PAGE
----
In the summer of 2013, Ecosynth team members Jonathan Dandois and Dana Nadwodny travelled to Southern Costa Rica to work with a team led by Zak Zahawi of Las Cruces Biological Station and Karen Holl's lab at UCSC to scan their forest "island plots" in the working landscapes of rural Costa Rica.
The work was challenging but successful, and now we have published the work we did together, demonstrating that "Ecosynth UAV remote sensing provides an effective alternate methodology to traditional field-based measures of evaluating forest structure and complexity across landscapes."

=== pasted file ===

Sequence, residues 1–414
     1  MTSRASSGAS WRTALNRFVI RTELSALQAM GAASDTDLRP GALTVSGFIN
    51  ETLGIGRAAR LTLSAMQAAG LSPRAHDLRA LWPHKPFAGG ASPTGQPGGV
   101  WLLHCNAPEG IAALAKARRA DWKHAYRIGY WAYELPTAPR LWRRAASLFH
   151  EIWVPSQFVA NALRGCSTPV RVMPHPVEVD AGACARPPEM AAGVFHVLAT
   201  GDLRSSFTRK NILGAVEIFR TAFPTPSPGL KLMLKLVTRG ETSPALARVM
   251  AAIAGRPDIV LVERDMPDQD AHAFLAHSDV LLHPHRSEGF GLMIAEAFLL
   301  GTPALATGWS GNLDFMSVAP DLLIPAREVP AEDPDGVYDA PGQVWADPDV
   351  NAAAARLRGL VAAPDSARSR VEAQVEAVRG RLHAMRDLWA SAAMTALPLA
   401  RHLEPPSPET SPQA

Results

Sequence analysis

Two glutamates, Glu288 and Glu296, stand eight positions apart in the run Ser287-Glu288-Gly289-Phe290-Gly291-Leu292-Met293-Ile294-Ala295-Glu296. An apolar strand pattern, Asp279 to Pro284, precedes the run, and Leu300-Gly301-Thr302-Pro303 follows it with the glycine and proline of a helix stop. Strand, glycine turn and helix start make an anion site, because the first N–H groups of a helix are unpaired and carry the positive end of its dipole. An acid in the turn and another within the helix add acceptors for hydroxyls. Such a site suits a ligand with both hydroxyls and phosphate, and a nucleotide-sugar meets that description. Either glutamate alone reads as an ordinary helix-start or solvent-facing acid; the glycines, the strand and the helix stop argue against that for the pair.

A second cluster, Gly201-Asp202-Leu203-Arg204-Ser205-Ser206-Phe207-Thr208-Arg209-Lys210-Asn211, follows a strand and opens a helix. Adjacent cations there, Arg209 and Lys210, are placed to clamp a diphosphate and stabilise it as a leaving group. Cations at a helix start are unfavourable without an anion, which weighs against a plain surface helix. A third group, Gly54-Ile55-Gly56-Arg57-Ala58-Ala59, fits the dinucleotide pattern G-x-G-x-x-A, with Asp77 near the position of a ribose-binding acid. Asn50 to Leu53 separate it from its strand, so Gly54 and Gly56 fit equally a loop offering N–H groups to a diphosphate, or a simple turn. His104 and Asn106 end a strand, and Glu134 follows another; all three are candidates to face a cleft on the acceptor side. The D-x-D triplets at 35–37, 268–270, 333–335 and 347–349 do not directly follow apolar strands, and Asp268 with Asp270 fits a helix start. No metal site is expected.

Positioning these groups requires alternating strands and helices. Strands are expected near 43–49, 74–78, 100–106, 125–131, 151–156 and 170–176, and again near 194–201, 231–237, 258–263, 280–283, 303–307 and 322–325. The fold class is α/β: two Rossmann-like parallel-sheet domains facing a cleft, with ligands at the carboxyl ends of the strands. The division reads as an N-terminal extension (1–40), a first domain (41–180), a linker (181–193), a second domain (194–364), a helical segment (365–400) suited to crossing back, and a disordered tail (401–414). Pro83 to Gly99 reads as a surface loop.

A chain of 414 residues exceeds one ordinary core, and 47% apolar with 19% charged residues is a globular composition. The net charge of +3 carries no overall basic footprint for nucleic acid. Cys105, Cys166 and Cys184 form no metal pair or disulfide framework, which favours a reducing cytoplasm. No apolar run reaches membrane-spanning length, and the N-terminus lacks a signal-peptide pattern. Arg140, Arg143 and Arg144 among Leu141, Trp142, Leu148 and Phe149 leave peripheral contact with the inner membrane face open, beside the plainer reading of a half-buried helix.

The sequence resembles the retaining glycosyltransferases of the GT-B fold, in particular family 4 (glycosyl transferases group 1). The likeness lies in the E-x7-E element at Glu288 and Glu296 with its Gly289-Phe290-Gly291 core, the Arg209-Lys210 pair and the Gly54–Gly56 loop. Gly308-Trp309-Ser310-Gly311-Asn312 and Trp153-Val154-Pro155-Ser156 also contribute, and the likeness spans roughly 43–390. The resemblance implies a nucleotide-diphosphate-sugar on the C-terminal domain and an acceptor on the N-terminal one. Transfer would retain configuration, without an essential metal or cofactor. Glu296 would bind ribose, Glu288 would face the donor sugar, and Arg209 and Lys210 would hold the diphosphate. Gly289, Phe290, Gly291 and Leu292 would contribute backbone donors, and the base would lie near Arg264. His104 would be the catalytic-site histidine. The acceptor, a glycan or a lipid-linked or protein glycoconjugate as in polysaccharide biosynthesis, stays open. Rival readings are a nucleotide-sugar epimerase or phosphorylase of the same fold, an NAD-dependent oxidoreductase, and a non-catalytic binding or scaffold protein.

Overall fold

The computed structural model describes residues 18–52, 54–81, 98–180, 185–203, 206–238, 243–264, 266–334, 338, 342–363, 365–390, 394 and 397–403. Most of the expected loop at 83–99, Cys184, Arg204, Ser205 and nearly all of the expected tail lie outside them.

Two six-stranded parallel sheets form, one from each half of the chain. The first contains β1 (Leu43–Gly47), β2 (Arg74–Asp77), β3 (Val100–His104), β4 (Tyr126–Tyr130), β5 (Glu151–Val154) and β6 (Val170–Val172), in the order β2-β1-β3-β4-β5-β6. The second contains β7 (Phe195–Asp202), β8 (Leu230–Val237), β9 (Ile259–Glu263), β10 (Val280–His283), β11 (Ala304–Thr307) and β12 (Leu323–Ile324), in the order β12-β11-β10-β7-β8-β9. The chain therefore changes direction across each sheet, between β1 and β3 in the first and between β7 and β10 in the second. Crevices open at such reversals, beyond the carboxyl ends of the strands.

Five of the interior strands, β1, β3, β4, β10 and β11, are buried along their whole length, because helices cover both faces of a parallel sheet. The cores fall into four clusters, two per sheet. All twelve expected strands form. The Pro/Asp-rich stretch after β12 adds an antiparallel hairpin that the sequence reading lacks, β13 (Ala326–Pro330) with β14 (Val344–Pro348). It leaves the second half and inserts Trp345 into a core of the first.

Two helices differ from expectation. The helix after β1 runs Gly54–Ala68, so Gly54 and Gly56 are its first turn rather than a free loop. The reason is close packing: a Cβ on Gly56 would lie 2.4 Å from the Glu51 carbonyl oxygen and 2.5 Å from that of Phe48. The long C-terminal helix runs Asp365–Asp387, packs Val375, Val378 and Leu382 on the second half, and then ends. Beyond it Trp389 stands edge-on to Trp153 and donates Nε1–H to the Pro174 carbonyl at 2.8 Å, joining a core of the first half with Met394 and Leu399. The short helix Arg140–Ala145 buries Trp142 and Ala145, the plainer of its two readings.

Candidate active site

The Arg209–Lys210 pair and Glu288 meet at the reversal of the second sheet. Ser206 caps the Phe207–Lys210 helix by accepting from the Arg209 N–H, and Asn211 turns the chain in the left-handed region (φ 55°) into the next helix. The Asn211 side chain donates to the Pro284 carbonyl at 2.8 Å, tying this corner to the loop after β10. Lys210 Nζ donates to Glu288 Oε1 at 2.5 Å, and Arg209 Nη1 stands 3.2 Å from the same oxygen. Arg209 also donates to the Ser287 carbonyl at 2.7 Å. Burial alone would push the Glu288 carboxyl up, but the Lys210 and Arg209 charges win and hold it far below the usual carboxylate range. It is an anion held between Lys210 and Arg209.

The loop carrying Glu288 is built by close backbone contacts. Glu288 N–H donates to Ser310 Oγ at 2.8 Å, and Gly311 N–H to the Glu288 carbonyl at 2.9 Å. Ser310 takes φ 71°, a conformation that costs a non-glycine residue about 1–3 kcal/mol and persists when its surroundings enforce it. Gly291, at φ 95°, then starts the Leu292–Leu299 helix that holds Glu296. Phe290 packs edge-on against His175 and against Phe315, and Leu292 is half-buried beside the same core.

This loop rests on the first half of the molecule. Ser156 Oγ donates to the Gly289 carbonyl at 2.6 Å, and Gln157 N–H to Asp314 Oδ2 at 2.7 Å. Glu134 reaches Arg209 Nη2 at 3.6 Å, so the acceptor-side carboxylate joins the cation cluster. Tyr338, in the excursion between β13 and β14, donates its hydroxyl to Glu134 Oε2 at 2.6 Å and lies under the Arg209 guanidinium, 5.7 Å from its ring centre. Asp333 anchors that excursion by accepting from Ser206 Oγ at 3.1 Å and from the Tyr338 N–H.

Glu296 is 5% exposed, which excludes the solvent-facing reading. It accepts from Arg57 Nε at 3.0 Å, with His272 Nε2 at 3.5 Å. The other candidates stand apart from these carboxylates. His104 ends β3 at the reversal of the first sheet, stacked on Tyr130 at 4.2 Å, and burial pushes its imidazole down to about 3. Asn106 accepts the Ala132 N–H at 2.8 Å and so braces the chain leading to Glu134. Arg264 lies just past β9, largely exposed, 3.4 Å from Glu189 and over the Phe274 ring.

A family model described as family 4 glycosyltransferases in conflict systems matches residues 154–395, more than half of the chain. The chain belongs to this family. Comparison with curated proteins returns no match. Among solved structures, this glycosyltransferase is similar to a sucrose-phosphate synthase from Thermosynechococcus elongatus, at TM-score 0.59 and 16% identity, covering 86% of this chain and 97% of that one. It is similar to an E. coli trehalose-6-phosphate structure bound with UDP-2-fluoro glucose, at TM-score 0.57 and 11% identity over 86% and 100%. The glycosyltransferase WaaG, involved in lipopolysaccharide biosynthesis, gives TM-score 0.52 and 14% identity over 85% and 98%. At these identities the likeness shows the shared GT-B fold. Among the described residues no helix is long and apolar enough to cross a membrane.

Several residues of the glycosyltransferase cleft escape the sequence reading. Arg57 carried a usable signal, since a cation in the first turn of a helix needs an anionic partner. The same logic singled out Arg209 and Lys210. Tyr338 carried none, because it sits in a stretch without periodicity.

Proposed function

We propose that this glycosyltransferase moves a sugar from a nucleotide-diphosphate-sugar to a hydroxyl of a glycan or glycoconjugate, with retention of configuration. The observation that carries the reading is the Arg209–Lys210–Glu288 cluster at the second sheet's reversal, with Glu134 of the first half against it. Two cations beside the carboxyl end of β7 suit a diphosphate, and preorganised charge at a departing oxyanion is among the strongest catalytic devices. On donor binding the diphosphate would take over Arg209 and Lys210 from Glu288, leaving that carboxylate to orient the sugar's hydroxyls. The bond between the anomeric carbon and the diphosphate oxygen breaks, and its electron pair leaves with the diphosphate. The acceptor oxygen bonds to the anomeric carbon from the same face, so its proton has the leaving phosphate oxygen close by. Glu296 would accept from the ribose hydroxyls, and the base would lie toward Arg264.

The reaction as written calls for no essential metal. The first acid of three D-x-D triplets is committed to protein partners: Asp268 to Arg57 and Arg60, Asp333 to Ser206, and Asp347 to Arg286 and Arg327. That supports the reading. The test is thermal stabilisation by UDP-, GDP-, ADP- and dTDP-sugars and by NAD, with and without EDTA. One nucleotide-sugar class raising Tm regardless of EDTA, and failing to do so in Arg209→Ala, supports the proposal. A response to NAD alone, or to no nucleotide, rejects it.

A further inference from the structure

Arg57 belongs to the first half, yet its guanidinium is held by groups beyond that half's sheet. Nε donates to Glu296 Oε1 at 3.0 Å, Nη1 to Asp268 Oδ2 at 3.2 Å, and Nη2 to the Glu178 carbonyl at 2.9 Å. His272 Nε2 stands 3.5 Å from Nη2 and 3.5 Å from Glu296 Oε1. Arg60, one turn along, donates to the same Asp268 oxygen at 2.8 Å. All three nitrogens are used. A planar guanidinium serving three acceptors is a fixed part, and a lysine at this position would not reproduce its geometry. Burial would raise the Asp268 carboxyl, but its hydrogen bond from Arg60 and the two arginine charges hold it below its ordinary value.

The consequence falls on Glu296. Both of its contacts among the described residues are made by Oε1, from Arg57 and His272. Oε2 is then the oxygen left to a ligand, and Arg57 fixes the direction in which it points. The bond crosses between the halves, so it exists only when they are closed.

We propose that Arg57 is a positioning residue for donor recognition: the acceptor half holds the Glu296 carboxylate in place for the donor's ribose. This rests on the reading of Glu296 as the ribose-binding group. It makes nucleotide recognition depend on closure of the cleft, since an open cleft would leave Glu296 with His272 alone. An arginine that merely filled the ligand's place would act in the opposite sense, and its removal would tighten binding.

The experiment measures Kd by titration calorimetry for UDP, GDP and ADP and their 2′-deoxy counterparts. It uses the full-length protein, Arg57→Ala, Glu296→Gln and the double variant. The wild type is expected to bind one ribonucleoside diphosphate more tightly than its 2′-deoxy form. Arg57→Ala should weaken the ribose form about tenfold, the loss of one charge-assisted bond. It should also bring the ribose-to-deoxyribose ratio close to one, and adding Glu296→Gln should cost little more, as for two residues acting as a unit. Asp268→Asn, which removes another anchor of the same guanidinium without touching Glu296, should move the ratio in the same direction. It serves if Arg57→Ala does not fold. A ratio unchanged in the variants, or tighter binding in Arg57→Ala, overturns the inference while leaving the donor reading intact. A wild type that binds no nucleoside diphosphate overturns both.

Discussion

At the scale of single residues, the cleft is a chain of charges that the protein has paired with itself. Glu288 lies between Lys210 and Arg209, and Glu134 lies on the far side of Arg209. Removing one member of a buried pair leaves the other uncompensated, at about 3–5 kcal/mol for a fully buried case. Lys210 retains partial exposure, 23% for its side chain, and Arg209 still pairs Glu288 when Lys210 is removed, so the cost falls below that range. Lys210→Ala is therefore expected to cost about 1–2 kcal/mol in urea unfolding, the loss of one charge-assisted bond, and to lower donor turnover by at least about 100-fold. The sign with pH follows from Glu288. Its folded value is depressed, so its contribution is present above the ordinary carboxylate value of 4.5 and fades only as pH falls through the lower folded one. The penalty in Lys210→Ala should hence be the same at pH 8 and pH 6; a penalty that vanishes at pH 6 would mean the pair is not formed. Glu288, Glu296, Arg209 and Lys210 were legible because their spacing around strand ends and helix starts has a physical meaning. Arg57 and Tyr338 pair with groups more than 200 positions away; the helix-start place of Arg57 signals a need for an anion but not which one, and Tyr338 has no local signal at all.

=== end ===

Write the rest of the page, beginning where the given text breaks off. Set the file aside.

One of the most interesting observations from the work is that Ecosynth gave a "bird's eye view" of vegetation- and thereby predicted bird visits better than other field measures.
To better work together in conserving and restoring tropical forest habitats, new tools are important, no less In than innovative approaches, like the "tree island restoration" strategies pioneered by Holl and Zahawi.
More on the research:
Zahawi, R., J. P. Dandois, K. D. Holl, D. Nadwodny, L. J. Reid, and E. C. Ellis. 2015. Using lightweight unmanned aerial vehicles to monitor tropical forest recovery. Biological Conservation 186:287–295. [free download]